Top 10 Tips for Repaying Your Student Loans
Successful repayment of your student loans can be the foundation for a strong credit history—and a bright financial future. Try these 10 tips for success:
- 1) You don’t have to wait until after graduation. Making even small payments while in school can help lower the amount you’ll pay over the life of the loan. That’s because you’ll lower the amount of unpaid, accrued interest that gets “capitalized” – or added to your balance.
- 2) Make a list of your outstanding student loans. If you know which loan is due when (and how much), you’re less likely to be late with a payment. Keep good records for each of your student loans, including contact information for making payments. For federal loans, this information is available at NSLDS.ed.gov. For private loans, check your credit report or contact your servicer.
- 3) Keep your servicers updated with your current contact information. Contact your servicer whenever you change your street address, email address, or telephone number. Sign up to receive email communications from your lender. It’s an easy way to receive important information about your loans and cut down on paper clutter while you help the environment!
- 4) Select the repayment plan that’s right for you. You have a wide range of repayment options for your federal loans, including graduated repayment (payments are lower when you’re just starting out and then gradually increase) and, if you qualify, extended repayment and income-based repayment. Depending on the terms of your loan, temporarily reduced or extended payment options may be available on private student loans as well. Be sure to compare your monthly payments and total loan costs under different repayment options so you can make an informed choice.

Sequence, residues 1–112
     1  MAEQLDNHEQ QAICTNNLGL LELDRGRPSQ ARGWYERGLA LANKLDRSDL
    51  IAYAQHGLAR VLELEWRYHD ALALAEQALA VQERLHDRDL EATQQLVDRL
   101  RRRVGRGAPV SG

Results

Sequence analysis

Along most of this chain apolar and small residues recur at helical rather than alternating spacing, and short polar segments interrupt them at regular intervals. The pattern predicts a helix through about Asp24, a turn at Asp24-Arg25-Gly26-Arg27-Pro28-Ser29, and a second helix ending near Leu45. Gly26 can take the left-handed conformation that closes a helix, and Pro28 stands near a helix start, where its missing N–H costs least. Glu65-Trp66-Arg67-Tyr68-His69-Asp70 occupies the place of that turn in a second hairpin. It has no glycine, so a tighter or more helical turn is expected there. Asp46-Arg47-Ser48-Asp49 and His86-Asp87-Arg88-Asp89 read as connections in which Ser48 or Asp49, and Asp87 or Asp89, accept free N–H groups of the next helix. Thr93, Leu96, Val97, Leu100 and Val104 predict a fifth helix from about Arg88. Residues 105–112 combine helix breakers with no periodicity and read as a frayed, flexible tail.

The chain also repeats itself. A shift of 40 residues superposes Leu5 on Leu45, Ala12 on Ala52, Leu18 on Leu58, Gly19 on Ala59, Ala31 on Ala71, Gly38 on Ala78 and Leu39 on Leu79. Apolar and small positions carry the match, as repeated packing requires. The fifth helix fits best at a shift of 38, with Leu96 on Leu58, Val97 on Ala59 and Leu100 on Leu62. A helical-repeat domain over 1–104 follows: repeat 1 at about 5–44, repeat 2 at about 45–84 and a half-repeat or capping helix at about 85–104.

- 5) Start off on the right foot with on-time payments. Making your loan payments on time can help you build and maintain a good credit rating — and avoid the extra expense of late fees. Develop good repayment habits right from the start.
- 6) Sign up for automatic debit. Don't want to worry about having to remember to make your payment every month? Consider having your loan payments automatically deducted from your bank account. You just have to set it up once. This can be a good way to ensure your payments are made on time (which can help you build a good credit rating – see #5 above). Some lenders even offer interest rate reductions when you make on-time payments through their automatic debit plans — it's worth checking out!
- 7) Consider paying extra each month. Paying extra each month can go a long way toward helping you pay off your loans faster. If you have more than one loan at different interest rates, consider applying the extra toward your highest-rate loan.
- 8) Make your life easier by managing your account online. Sign up for online account management (if offered by your servicer). If, like most people, you spend a lot of time online, this might make managing your loan more convenient. Online account management means that you can easily review your payment history, make a payment, update your contact information, and more.
- 9) Seek help at the first sign of financial difficulty. Financial problems have a tendency to worsen if they’re not addressed promptly. Call your servicer at the first sign you’re having trouble, and get advice from your cosigner or other trusted family members or friends. Non-profit credit counseling services also offer free budgeting assistance.
- 10) Use deferment and forbearance as a last resort. For all but need-based (or “subsidized”) federal Stafford loans, putting off your full payments through “deferment” or “forbearance” will cost you more. Use these options only if absolutely necessary. And before you use these options, make sure you understand the time limits, how your payment might increase in the future, and the total additional cost. repayment amounts for consolidated loans.